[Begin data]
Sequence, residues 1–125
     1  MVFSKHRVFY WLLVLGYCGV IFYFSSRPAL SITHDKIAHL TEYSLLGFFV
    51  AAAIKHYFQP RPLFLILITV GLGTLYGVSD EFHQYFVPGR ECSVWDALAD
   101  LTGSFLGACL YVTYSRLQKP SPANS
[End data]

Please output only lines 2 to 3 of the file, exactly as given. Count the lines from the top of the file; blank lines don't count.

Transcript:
     1  MVFSKHRVFY WLLVLGYCGV IFYFSSRPAL SITHDKIAHL TEYSLLGFFV
    51  AAAIKHYFQP RPLFLILITV GLGTLYGVSD EFHQYFVPGR ECSVWDALAD